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Do you understand your chargeback rights? If not, you're in company with 25 per cent of Canadians that have never heard of them either. A 2017 survey of 2,000 people commissioned by Consumers Council of Canada also discovered that only one third have a "strong understanding" of how chargebacks can protect their online purchases.

If goods ordered online don't arrive in a timely manner, arrive broken or not matching the description, and the merchant won't address the problem, customers can ask their credit card issuer (or other payment intermediary, such as PayPal) to reverse the transaction – take funds back from the merchant and return to the customer.

Canada Post says 80 per cent of Canadians are shopping online. According to Consumers Council's report, 45 per cent have disputed a purchase in the past 24 months. The majority of these were resolved directly with the merchant, but 29 per cent turned to a payments provider for reimbursement.

Usually, credit card issuers encourage shoppers to resolve issues with retailers directly. The onus is on the merchant to represent its products truthfully and deliver on time or risk losses to profits or reputation. When that doesn't work, consumers need another way to seek damages – one that isn't muddled by different laws in different regions.

"When a consumer in Lethbridge buys from a seller in Luxembourg and something goes wrong, which laws apply and how can they be enforced?" says Consumers Council in its July 2017 report: Consumer Redress and Merchant Responses in Distant Transactions. "Governments have "laws" but in practice protection for a consumer … has become the domain of payment networks."

This system of redress developed 40 years ago with the U.S.'s Fair Credit Billing Act. Major credit cards applied the same protections internationally and other nations and card issuers followed suit. With the risk of being conned tempered by this safety measure, consumers were confident enough to spend big online: $114-billion in Canada in 2015, according to Payments Canada.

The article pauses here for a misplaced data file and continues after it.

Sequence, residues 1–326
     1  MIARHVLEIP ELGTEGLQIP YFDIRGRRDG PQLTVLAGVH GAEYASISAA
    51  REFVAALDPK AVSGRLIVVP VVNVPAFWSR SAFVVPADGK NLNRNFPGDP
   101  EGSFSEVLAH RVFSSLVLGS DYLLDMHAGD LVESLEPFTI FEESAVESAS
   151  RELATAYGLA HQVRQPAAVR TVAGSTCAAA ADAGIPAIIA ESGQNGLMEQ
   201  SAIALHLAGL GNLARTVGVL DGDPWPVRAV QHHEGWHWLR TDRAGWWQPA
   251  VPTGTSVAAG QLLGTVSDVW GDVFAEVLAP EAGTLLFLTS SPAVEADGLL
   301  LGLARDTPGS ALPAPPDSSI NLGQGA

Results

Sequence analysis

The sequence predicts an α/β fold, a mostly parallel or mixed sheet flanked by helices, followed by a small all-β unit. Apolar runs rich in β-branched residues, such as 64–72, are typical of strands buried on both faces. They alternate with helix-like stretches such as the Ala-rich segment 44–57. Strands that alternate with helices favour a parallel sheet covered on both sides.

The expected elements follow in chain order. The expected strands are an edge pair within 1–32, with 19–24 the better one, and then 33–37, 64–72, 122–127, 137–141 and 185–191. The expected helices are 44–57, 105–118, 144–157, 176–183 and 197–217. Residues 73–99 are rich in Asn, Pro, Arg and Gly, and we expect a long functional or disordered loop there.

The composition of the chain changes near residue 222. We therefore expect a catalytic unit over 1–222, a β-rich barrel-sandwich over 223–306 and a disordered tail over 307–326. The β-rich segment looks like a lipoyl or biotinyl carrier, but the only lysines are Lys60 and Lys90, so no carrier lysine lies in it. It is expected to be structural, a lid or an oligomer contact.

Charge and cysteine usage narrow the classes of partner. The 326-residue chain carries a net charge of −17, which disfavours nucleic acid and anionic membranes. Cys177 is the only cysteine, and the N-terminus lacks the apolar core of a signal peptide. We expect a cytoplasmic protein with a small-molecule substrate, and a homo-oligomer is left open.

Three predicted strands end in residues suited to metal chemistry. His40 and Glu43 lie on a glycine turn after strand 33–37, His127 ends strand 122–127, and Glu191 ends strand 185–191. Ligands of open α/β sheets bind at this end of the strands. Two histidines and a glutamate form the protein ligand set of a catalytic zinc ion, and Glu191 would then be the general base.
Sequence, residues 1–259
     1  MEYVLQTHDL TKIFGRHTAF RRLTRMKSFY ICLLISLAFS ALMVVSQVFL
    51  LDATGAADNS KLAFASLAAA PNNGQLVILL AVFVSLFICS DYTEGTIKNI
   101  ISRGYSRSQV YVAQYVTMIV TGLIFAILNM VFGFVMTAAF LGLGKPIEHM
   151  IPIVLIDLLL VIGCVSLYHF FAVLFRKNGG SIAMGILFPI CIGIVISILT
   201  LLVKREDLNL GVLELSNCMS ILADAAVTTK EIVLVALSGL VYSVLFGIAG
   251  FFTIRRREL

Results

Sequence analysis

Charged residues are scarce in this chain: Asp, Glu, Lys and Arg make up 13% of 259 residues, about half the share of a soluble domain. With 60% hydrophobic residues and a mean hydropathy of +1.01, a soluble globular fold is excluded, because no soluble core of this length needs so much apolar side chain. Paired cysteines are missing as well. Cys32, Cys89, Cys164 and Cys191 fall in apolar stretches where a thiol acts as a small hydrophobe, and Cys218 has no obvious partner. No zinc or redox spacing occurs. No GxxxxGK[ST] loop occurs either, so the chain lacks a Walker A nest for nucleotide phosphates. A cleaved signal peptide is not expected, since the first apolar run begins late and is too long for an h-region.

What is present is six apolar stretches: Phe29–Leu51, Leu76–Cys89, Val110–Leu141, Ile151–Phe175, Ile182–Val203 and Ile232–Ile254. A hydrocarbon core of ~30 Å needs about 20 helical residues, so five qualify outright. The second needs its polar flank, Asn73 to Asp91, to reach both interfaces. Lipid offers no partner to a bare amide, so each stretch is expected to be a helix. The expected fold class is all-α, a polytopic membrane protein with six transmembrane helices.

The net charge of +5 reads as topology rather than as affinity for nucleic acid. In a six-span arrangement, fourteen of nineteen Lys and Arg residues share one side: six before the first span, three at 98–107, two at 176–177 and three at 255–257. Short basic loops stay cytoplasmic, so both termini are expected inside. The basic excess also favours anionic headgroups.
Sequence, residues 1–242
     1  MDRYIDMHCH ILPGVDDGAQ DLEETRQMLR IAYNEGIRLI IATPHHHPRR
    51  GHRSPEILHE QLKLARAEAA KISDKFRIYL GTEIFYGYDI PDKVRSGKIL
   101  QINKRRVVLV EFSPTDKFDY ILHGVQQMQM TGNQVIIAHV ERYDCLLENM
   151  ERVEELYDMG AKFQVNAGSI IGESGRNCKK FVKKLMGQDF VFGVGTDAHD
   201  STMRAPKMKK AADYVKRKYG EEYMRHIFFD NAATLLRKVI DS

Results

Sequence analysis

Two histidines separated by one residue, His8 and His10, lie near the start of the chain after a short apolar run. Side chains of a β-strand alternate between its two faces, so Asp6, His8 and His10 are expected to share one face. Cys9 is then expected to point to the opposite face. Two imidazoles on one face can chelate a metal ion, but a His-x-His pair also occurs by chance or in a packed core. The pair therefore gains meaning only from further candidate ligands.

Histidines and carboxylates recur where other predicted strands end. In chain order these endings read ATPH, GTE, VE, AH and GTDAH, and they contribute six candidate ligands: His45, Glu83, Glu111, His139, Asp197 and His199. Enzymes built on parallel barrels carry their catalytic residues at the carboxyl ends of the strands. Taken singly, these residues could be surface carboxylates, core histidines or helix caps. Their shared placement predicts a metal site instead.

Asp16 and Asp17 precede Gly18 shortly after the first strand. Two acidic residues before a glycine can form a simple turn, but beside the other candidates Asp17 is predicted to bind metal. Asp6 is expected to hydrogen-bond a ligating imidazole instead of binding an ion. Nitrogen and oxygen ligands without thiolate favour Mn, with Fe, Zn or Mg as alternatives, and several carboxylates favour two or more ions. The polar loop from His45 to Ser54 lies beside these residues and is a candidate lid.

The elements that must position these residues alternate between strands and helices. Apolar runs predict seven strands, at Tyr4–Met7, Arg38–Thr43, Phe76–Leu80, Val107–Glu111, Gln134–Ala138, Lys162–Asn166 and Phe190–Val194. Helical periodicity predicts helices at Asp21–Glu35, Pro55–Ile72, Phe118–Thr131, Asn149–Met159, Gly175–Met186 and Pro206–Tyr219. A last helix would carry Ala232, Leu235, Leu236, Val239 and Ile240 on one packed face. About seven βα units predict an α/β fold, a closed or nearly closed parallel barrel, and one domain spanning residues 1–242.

"For every $1,000 of sales, chargebacks costs total 65 cents," says the report, citing a U.S. study released in 2016 based on 2013 data. "Merchants are held responsible in 80 per cent of transactions, or 70 per cent of value, suggesting that about 30 percent of chargeback costs were determined to be issuers' [banks'] costs." Fraud in online transactions has increased since CHIP and PIN technology improved the security of in-store transactions.

Chargeback management companies say 86 per cent of consumers start a redress process with the card issuer, a bank, rather than a merchant. But Consumers Council's study found that only 10 per cent say they do so, and that 25 per cent of card users don't even know the chargeback process exists.

Consumers Council says credit-card promotional material and contracts rarely spell out these rights in plain language, and in many cases, not at all. There are no laws compelling this disclosure. Newer entrants such as PayPal and Amazon were more likely to explain chargebacks upfront and in consumer-friendly language. On the other hand, credit card issuers did supply merchants with hundreds of pages of explanation about how to avoid chargebacks, what to expect when receiving one and the repercussions of receiving too many.

Don Mercer, president of Consumers Council, says card issuers and merchants may not be upfront about consumer rights to chargeback because they may be fearful consumers will abuse the system.

"Most consumers who know about chargeback rights appear to use them responsibly," explains Mr. Mercer. "But merchants perceive they don't because of a small but highly active and capable group of fraudsters who exploit the system, with businesses sometimes feeling, fairly or unfairly, the burden falls on them, rather than the issuers or network service providers."

"Friendly fraud," where customers claim non-delivery but keep merchandise, could account for 71 per cent of claims, according to management firm Chargeback.com. Other industry figures, however, show that friendly fraud is a much smaller proportion of merchant fraud losses. This is an example, says Mr. Mercer, of statistics being manipulated to portray ordinary consumers in a negative light.

Consumers Council would like card issuers to be more candid and upfront with consumers about chargebacks. The research showed that the "chargeback aware" are more likely to express satisfaction with online shopping generally, with dispute resolution and with all types of payment.

"Sharing information in a digestible way is a win for consumers, merchants and payment intermediaries," says Mr. Mercer. "Confident, rights-aware, empowered consumers make more purchases."


This content was produced by Randall Anthony Communications, in partnership with The Globe and Mail's advertising department. The Globe's editorial department was not involved in its creation

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